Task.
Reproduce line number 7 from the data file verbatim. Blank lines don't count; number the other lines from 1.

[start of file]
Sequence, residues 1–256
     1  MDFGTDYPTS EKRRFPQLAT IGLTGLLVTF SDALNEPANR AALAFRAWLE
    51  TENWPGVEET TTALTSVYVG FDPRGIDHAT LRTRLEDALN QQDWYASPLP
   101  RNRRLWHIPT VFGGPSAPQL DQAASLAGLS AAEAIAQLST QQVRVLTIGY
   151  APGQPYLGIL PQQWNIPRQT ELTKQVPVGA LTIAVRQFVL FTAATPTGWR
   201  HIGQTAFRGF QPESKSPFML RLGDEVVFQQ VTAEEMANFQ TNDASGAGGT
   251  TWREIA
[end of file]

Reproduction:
   251  TWREIA